I think on this subject we do way too much dancing around the pink elephant in the room. And that pink elephant is that we are VERY FAR behind other races when it comes to business. One of the things that surely proves that we’re behind other races is that other races of people don’t have to pull shaming tactics to get people to shop at their stores. We don’t hear the owners of Walmart and Target saying, “If you can buy XY and Z, you can shop at our stores”. But we feel the need to say it.

The only way we’re going to catch up is if more of us start realizing how important it is that we need businesses and need to create and control our own resources.

There’s no reason for every other race of people to have more businesses in our neighborhoods than we do, especially since it’s not like that in their neighborhoods. We don’t own a bunch of businesses in their neighborhoods. They own their own. It’s been way past due for us to do the same.

There’s a video I stumbled across by a YouTuber named Chrissie, who has a video speaking about why black people don’t shop at black owned businesses, which I have included in this post, and she said pretty much the same thing I’m saying now, but one interesting thing she said that I didn’t think about is that a lot of times, we resent products and services that are made specifically for us.

We hate when other races of people don’t include us in their ads or whatever, but when it’s something created just for us, we hate that it doesn’t include others. We think it’s racist. We’re so stuck on inclusivity, including everybody else into whatever we have, that a lot of us are not ready to accept a business that caters strictly to us.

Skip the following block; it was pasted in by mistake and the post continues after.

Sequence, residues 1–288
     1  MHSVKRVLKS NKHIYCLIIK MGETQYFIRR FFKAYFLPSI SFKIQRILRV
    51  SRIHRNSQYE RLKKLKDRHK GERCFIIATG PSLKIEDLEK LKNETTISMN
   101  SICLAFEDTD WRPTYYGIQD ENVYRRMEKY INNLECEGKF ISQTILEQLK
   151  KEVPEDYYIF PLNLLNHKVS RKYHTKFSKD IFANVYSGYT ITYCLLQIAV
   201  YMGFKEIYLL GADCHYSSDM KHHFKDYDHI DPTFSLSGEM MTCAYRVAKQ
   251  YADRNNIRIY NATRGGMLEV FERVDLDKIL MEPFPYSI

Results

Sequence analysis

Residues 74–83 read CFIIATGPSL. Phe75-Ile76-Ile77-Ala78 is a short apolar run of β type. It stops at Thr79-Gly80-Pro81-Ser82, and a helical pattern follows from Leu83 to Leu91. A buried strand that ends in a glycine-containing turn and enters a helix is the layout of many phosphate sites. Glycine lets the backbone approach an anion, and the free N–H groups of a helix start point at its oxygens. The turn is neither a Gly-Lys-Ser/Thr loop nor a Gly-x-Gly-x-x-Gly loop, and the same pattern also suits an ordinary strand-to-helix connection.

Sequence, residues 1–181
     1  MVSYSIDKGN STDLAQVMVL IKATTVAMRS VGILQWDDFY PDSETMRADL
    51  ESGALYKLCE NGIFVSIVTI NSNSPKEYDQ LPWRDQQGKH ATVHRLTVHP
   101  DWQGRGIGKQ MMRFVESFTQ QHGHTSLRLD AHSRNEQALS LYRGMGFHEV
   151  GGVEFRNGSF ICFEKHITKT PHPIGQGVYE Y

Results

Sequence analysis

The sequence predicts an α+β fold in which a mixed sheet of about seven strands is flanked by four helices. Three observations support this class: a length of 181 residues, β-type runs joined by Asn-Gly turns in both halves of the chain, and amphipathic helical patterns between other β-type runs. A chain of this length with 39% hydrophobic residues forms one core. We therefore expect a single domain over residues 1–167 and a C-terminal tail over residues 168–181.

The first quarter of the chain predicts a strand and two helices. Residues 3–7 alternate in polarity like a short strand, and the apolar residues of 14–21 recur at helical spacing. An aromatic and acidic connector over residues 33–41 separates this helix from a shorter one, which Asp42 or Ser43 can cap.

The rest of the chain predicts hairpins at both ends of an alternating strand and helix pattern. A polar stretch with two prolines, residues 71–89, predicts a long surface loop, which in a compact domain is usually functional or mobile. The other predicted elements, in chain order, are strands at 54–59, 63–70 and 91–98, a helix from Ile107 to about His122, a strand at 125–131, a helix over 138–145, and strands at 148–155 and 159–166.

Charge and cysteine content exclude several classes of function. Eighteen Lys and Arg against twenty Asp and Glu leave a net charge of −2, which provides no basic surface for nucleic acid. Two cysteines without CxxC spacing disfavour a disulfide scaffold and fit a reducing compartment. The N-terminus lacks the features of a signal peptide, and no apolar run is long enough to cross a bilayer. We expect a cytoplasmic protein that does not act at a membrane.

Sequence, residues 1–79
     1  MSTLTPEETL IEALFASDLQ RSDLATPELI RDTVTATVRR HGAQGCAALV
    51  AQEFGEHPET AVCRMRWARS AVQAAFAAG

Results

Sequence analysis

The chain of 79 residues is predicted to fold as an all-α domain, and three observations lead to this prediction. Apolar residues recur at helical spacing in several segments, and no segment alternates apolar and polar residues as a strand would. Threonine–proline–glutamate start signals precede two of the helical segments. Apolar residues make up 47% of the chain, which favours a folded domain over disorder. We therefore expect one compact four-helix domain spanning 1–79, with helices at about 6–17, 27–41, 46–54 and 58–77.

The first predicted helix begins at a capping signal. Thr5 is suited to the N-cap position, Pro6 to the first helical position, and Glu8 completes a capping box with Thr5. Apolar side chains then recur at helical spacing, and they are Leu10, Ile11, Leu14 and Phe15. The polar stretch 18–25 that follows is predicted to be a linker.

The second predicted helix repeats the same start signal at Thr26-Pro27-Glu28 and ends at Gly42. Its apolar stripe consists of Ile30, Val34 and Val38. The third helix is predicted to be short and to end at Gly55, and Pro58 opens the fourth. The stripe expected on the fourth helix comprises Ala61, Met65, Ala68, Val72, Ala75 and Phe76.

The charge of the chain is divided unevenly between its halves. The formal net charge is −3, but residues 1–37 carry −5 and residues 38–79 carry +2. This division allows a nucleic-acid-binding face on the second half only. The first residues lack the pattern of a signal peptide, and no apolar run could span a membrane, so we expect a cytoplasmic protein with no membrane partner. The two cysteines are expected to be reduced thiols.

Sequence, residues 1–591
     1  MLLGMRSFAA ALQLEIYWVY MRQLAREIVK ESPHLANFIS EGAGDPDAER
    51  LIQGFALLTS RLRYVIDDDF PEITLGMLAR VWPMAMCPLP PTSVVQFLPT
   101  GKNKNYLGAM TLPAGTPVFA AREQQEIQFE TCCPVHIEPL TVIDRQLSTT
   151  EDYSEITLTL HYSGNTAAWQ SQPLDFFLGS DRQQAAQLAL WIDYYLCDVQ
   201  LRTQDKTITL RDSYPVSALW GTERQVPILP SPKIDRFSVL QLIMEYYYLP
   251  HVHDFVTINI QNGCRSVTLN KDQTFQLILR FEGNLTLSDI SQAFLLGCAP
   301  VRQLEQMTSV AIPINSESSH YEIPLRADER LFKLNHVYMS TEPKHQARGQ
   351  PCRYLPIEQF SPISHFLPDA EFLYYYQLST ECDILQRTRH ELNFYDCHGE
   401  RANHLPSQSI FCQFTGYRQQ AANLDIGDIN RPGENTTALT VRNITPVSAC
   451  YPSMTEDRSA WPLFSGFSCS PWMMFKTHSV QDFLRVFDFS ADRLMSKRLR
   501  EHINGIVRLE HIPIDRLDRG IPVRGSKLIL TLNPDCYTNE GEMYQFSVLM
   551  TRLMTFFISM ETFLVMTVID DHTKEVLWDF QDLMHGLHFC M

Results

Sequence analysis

That’s one thing we have to get out of as well. I don’t think we fully understand that people are supposed to cater to their own people. When they make a product or service, they’re usually not making it to cater to other people, even though they don’t discriminate against who can buy the product. That’s what we need to start realizing. We need to start realizing that nobody is supposed to build and cater to us BUT US!

I Don’t Like Being Awake Pt. 2

I love this song by Katy Perry, “Chained To The Rhythm”. I think it explains what’s going on in our society today very vividly. But, I kind of hate it because the song is a very important message and there are people still thinking this song is about fun and paryting and shaming others who are telling them what the song is irrefutably about.